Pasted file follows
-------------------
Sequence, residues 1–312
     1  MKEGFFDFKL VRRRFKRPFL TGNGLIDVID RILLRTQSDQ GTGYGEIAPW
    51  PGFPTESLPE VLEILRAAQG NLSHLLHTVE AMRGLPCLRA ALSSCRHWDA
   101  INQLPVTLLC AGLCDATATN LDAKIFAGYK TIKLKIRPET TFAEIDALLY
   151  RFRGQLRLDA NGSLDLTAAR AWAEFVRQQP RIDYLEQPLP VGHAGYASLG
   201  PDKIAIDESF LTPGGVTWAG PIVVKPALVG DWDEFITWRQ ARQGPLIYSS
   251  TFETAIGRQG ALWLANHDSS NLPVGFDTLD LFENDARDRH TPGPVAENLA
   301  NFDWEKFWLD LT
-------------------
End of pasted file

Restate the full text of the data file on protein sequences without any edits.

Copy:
Sequence, residues 1–312
     1  MKEGFFDFKL VRRRFKRPFL TGNGLIDVID RILLRTQSDQ GTGYGEIAPW
    51  PGFPTESLPE VLEILRAAQG NLSHLLHTVE AMRGLPCLRA ALSSCRHWDA
   101  INQLPVTLLC AGLCDATATN LDAKIFAGYK TIKLKIRPET TFAEIDALLY
   151  RFRGQLRLDA NGSLDLTAAR AWAEFVRQQP RIDYLEQPLP VGHAGYASLG
   201  PDKIAIDESF LTPGGVTWAG PIVVKPALVG DWDEFITWRQ ARQGPLIYSS
   251  TFETAIGRQG ALWLANHDSS NLPVGFDTLD LFENDARDRH TPGPVAENLA
   301  NFDWEKFWLD LT